Politics and the Pound: The Conservatives' Struggle with Sterling

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Macmillan, 1996 - Economics - 364 pages
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The pound has haunted Britain's politicians for most of this century. From Winston Churchill's ill-judged return to the gold standard in 1925 through Harold Wilson's devaluation in 1967 to John Major's Black Wednesday it has been a symbol alternately of national pride and national decline.
The tension between politics and the pound has never been greater than during the Conservatives' rule since 1979. The malign neglect of the first Thatcher term brought the unprecedented surge in sterling's value which triggered the deepest recession for fifty years. Nigel Lawson's conversion to the European exchange rate mechanism foreshadowed a fatal clash between chancellor and prime minister which first destroyed her cabinet and then her premiership. An economic miracle dissolved into a mirage.
John Major's decision to join the ERM led in turn to an entanglement between the pound and Europe which threatens the most damaging split in the Conservative party since the beginning of the century. The ERM experiment ended with the humiliation of Black Wednesday. But now Britain must face up to the Franco-German project for a single European currency. Whether Britain joins or stands aside from economic and monetary union, sterling will continue to dominate the politics of the 1990s.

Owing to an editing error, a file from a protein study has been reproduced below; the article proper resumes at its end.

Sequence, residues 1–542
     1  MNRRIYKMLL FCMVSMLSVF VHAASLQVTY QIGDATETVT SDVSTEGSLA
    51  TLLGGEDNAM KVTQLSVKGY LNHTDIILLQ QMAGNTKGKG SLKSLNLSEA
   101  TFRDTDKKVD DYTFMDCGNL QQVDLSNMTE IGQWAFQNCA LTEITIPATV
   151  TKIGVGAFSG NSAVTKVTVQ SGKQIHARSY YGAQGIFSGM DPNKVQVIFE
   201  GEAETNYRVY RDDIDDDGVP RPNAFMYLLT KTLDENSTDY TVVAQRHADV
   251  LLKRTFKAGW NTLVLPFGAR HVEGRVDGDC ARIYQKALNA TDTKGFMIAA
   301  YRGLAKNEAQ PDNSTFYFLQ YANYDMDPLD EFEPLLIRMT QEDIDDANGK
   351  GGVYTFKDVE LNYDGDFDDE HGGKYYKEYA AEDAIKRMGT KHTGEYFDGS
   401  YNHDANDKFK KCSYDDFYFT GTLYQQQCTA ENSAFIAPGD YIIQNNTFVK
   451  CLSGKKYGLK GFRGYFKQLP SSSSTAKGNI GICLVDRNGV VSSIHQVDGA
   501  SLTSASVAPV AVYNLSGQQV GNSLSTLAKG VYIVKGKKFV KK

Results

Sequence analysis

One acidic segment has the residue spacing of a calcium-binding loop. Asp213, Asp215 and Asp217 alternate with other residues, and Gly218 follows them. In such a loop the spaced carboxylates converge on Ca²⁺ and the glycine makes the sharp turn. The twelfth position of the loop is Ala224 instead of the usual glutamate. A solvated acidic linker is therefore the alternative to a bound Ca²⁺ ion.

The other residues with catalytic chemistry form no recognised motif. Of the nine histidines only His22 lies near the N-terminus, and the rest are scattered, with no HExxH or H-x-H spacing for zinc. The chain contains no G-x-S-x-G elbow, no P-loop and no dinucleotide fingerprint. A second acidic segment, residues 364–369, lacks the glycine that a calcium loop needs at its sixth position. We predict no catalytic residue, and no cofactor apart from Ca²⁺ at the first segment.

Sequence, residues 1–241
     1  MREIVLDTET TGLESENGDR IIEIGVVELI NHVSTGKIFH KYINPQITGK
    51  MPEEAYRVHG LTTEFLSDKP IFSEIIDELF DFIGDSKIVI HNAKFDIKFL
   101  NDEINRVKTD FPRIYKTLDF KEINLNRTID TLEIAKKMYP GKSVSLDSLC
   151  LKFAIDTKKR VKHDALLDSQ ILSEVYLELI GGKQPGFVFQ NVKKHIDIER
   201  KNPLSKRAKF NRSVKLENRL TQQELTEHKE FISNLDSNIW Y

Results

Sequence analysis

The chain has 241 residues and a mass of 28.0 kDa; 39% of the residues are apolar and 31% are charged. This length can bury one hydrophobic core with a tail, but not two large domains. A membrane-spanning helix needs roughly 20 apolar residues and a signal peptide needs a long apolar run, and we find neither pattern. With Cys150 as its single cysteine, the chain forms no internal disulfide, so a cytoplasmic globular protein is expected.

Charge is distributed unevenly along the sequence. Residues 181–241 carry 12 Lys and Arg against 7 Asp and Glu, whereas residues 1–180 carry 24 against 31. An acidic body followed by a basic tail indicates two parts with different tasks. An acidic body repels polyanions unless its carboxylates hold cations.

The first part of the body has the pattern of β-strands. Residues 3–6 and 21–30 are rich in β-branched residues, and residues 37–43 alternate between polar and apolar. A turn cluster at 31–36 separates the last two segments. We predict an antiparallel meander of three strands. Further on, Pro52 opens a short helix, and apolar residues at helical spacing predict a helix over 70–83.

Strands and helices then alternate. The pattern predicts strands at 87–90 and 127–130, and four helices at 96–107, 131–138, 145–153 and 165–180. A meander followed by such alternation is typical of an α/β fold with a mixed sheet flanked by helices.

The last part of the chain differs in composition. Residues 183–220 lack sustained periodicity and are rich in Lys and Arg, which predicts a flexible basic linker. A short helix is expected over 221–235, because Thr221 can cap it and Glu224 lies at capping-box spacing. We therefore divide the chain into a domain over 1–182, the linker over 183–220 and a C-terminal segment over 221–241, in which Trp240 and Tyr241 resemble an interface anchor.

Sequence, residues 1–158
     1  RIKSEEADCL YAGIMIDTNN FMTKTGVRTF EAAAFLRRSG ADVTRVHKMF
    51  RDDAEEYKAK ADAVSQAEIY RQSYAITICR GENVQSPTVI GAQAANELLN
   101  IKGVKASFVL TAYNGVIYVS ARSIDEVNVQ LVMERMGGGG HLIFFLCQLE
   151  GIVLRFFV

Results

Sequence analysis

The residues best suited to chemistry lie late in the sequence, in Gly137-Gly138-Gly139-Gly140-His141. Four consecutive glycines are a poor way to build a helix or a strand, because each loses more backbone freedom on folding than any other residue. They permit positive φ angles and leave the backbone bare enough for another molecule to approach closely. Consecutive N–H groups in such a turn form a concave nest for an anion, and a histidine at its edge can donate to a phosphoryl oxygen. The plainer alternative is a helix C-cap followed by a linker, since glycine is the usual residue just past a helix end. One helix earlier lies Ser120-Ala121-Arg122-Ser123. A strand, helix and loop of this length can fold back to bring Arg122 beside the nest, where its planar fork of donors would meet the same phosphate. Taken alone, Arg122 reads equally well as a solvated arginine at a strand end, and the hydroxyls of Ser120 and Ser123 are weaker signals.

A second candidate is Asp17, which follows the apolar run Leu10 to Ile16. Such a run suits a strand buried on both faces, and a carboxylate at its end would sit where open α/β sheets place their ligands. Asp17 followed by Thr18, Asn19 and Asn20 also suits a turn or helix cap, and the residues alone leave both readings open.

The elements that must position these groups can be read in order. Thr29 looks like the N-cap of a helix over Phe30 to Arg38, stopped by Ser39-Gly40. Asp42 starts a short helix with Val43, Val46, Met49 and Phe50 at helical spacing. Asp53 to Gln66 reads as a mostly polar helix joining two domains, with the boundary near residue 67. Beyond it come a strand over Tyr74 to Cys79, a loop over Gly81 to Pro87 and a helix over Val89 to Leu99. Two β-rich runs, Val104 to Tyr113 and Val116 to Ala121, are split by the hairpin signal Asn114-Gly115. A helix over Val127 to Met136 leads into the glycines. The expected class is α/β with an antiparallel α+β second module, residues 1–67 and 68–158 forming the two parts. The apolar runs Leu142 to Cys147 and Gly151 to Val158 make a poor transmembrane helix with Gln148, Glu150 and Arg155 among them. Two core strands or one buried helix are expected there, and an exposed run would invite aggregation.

Philip Stephens provides the first authoritative account of this explosive mix of economics and politics. The author's unique access to senior politicians and officials provides a rare insight into how economic policy is made in modern Britain - and into the continuing political struggle over Britain's place in Europe. It will appeal to anyone interested in how Britain has been governed since 1979 and how it will be governed at the turn of the century.

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About the author (1996)

Philip Stephens is an Associate Editor and Political Commentator at the Financial Times.

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